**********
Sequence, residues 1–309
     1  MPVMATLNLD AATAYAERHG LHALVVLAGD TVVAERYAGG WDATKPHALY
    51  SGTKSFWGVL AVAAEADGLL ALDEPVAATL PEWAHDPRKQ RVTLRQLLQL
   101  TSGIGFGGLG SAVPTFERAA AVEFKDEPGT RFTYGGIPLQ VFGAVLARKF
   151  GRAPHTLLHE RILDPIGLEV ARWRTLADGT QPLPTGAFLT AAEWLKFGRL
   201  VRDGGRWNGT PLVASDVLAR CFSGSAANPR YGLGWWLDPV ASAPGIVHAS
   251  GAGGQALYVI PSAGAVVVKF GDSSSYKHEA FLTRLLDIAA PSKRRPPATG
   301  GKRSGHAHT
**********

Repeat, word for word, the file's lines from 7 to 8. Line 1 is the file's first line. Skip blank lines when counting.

   251  GAGGQALYVI PSAGAVVVKF GDSSSYKHEA FLTRLLDIAA PSKRRPPATG
   301  GKRSGHAHT